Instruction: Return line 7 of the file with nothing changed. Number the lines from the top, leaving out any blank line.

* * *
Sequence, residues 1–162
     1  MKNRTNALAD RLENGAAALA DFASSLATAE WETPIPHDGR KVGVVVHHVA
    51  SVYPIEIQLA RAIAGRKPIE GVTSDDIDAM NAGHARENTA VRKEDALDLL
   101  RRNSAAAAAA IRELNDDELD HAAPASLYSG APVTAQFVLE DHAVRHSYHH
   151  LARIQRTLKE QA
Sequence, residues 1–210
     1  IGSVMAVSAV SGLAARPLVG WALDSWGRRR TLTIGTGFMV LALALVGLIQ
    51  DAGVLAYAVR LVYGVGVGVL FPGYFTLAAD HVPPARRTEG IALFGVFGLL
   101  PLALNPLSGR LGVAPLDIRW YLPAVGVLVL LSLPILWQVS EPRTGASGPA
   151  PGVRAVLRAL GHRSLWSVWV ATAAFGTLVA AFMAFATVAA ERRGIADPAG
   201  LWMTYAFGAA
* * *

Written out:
     1  IGSVMAVSAV SGLAARPLVG WALDSWGRRR TLTIGTGFMV LALALVGLIQ